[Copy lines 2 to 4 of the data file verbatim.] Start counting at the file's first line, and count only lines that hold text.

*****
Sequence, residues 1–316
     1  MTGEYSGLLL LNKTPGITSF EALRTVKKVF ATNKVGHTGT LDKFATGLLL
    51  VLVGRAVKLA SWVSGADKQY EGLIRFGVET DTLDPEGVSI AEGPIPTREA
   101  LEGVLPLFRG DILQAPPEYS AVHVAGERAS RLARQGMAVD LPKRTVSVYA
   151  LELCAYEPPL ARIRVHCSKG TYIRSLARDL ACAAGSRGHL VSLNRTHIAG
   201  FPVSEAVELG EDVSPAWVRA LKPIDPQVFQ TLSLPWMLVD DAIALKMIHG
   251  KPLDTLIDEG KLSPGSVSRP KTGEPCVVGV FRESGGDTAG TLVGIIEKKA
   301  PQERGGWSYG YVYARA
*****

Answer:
     1  MTGEYSGLLL LNKTPGITSF EALRTVKKVF ATNKVGHTGT LDKFATGLLL
    51  VLVGRAVKLA SWVSGADKQY EGLIRFGVET DTLDPEGVSI AEGPIPTREA
   101  LEGVLPLFRG DILQAPPEYS AVHVAGERAS RLARQGMAVD LPKRTVSVYA